Jane Davidson is Pro Vice-Chancellor for External Engagement and Director of INSPIRE, (Institute for Sustainability Practice, Innovation and Resource Effectiveness) at the University of Wales Trinity Saint Davi. From 2007- 2011, Jane was Minister for Environment, Sustainability and Housing in Wales where she proposed legislation to make sustainable development its central organising principle – the Wellbeing of Future Generations Act came into law in April 2015. She introduced low carbon planning requirements; created a Welsh Climate Change Commission and Future Generations Commissioner, the 800 mile Wales coastpath, legislated on waste which has seen Wales become the lead recycling country in Britain, (currently 3rd in the world) and introduced the Welsh charge on carrier bags. She led on energy for the Silk Commission advocating the transfer of increased energy powers to Wales which was included in the Wales Act 2017.  From 2000 – 2007, Jane was Minister of Education, Lifelong Learning and Skills in Wales. She introduced major curriculum changes – the Foundation Phase and the Welsh Baccalaureate and integrated Education for Sustainable Development and Global Citizenship into the Welsh curriculum.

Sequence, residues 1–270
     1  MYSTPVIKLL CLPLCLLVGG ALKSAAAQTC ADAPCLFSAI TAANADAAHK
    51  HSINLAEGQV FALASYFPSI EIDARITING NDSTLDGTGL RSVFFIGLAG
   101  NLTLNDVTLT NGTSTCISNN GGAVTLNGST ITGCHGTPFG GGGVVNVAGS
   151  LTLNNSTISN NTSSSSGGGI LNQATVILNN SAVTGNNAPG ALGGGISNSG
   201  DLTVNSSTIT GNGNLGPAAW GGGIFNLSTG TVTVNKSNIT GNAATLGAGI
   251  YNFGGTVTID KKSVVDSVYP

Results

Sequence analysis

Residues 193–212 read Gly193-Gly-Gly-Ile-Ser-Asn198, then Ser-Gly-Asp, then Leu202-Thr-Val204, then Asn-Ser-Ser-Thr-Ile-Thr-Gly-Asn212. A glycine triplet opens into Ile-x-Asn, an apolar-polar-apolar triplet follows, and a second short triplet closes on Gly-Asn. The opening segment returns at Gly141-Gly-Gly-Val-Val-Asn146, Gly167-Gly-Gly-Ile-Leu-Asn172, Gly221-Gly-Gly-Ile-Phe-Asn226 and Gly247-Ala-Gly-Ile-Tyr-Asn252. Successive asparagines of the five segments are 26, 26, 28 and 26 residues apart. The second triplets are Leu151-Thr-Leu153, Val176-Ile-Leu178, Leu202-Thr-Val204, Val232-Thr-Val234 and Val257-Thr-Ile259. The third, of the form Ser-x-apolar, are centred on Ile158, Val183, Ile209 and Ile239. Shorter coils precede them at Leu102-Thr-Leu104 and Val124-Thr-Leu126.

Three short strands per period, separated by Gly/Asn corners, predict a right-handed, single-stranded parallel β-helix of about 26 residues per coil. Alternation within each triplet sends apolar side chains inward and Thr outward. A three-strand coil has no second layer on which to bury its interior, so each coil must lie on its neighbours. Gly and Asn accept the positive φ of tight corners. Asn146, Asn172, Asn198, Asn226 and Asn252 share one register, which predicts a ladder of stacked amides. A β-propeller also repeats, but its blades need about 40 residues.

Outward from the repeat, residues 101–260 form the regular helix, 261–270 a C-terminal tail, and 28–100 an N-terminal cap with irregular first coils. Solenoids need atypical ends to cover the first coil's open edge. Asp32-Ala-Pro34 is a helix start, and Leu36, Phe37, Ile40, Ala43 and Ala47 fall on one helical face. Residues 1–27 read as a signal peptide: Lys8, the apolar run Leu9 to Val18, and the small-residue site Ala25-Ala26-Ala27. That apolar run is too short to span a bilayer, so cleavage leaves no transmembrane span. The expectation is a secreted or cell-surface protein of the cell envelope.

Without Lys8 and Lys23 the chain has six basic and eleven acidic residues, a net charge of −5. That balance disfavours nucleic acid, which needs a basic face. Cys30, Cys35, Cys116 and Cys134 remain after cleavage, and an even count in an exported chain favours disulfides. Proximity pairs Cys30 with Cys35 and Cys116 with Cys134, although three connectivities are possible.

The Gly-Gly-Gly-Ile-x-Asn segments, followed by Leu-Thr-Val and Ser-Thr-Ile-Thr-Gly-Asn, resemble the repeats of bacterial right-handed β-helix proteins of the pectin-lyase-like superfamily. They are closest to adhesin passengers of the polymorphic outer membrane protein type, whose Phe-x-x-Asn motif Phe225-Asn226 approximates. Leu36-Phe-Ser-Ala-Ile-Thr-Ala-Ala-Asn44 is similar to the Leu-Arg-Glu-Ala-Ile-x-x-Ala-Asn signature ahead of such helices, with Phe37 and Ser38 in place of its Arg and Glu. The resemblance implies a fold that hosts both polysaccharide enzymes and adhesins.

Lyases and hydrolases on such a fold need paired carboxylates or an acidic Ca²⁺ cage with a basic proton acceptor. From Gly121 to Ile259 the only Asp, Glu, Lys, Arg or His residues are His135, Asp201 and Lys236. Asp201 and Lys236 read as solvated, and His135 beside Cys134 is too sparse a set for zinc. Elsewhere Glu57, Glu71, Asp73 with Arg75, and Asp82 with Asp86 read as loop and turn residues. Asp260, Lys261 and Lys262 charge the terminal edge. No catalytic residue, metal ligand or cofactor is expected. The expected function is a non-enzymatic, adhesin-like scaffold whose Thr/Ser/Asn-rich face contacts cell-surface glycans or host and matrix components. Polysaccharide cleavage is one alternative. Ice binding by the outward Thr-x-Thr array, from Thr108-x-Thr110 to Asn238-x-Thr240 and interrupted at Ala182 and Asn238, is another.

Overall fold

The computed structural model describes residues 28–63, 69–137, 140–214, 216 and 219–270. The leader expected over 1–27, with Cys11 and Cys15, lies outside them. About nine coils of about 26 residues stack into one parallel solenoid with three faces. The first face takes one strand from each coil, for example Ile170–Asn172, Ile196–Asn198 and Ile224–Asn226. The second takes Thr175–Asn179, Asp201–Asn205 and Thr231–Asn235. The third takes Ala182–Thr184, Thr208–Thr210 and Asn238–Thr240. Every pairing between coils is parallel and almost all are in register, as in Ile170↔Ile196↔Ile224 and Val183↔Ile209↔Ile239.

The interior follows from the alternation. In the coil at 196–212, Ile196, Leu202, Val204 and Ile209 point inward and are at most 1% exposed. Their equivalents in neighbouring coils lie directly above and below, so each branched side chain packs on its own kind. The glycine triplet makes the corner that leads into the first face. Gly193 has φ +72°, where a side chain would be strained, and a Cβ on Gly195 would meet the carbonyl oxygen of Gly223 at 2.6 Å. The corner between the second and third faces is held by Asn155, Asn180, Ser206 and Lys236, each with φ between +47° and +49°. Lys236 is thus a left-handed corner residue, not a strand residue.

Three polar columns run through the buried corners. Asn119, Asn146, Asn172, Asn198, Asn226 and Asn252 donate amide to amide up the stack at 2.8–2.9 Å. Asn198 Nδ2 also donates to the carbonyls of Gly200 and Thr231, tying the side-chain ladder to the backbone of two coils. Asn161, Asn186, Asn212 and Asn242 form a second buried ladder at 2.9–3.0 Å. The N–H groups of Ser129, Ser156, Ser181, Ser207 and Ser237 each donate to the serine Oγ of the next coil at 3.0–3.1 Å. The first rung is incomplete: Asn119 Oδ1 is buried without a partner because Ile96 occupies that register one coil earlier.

Dr Karambu Ringera

Dr Karambu Ringera (Video Link)

Dr Karambu Ringera is the founder and president of International Peace Initiatives (IPI:, an organisation that works to mitigate the impact of HIV/AIDS, poverty and violence in the lives of women and children. She has used her extensive academic background and international experience working in many countries to design and implement models of effective community engagement, women’s grassroots organizing programs, collaborative problem solving models, pre-emptive and post conflict reconciliation, proactive health campaigns, and a successful, working model of “Amani Homes,” community homes of peace for orphans and vulnerable children. Karambu is a visionary, an activist, a compassionate, committed, formidable force for change, and an inspiration to all who meet her.

Katherine Trebeck

Katherine Trebeck